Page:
by Barbara Johns. University of Washington Press, April 2017. 352 p. ill. ISBN 9780295999999 (h/c), $39.95.
Reviewed Septermber 2017
By the mid-1930s, Takuichi Fujii had achieved a regional reputation as one of Seattle’s Group of Twelve, and he is frequently associated with fellow Group of Twelve and Issei (first generation Japanese American) artists Kenjiro Namura and Kamekichi Tokita. All three artists were the subject of the Johns’ dissertation and she has previously written a similar book focused on Tokita: Signs of Home: The Paintings and Wartime Diary of Kamekichi Tokita (2011). Hope of Another Spring is the first monograph devoted to Takuichi Fujii and the companion publication to the current exhibition Witness to Wartime: Takuichi Fujii, also curated by the author.
Following the Japanese attack on Pearl Harbor and FDR’s Executive Order 9066, Fujii was one of more than 110,000 Japanese Americans forced to relocate from the West Coast to a network of remote concentration camps across the interior of the United States. During the two and a half years he spent at Washington’s Puyallup Assembly Center and the Minidoka War Relocation Center in southeast Idaho, he kept a dairy of sketches and commentary recording his observations and experiences. His diary captures harsh realities of daily life in the camps as well as the community’s adaptive and resilient spirit.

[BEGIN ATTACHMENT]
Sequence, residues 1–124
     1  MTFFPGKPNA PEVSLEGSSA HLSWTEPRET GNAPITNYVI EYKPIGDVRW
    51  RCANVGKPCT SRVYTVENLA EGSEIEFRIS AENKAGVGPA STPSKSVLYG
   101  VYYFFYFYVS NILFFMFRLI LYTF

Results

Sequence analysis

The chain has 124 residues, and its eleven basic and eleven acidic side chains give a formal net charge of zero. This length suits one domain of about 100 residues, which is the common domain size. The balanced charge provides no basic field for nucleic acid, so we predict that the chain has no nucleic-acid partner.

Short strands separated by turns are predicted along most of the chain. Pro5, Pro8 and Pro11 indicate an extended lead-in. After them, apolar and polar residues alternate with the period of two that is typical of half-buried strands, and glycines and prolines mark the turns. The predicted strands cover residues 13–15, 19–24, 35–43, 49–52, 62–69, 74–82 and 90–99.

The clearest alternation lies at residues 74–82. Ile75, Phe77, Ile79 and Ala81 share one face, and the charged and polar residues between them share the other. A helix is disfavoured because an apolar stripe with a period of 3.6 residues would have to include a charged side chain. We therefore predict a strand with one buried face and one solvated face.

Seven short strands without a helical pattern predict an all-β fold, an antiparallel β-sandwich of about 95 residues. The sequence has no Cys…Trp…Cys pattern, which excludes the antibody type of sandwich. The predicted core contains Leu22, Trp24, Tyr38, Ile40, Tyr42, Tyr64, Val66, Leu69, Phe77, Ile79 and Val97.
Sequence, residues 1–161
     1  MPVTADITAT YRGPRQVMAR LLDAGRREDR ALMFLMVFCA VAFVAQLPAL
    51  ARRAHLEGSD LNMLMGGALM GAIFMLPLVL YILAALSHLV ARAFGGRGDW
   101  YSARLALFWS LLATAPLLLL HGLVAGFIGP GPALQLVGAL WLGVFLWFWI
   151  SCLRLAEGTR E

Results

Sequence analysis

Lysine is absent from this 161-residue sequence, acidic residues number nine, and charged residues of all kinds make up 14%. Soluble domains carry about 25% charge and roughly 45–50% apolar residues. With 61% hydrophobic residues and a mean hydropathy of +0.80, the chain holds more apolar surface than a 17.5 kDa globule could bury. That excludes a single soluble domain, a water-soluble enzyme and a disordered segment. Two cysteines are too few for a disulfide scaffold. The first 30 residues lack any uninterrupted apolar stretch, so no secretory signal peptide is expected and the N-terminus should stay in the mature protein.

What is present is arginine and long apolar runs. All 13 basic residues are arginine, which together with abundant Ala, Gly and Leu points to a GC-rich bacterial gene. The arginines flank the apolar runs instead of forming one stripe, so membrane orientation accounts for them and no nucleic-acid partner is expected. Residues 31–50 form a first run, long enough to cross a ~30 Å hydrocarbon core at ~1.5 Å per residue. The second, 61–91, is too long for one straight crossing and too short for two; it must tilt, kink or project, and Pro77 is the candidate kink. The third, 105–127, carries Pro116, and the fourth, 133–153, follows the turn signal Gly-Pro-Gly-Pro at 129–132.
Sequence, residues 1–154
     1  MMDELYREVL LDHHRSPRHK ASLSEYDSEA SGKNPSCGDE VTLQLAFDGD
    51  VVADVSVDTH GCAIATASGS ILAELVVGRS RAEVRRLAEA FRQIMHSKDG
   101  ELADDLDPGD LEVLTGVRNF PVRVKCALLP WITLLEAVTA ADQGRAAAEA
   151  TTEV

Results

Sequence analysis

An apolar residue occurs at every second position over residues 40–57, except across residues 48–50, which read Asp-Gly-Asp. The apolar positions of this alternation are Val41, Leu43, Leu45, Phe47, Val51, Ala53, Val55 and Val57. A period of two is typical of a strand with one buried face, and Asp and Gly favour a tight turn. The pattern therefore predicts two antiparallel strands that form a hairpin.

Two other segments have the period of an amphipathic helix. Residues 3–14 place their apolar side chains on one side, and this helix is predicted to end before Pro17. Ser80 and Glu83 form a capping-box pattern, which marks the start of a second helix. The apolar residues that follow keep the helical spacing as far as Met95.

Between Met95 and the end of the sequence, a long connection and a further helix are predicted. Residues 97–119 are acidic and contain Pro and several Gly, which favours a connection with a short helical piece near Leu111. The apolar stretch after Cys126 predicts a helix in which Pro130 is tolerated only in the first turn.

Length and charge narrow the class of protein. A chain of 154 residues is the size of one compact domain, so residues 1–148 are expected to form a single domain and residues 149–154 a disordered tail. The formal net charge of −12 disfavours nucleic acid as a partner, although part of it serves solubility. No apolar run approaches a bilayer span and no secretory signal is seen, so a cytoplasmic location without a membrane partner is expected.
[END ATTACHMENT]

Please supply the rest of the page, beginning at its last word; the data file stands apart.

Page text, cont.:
The present volume fills critical gaps in Fujii’s life—especially during and after the war—through close analysis of this diary (previously unpublished). Chapters detail Fujii’s life as a Japanese immigrant living in Seattle, his early career, internment, and later years in Chicago, as well as his developing interest and experimentation with abstraction. Along the way, Johns makes several explicit connections between individual drawings from the diary and his later works.
Appropriately, selections from the diary (a majority of the original) make up the second half of the book. Fujii’s ink drawings are arranged chronologically and appear alongside translations of the original corresponding text. Omission of the untranslated text is a minor complaint; however, the diary’s translation is the subject of a chapter by co-translator Sandy Kita, an art historian and the artist’s grandson, whose involvement yields additional and unique insights.
While this book will be of particular interest to institutions in the Northwest (and Chicago), where Fujii was professionally active, it is broadly relevant and widely recommended as American History. Fujii’s diary is approachable and intimate documentation of an under-emphasized chapter and perspective, and Barbara Johns brings welcome attention and analysis to this artist and his work.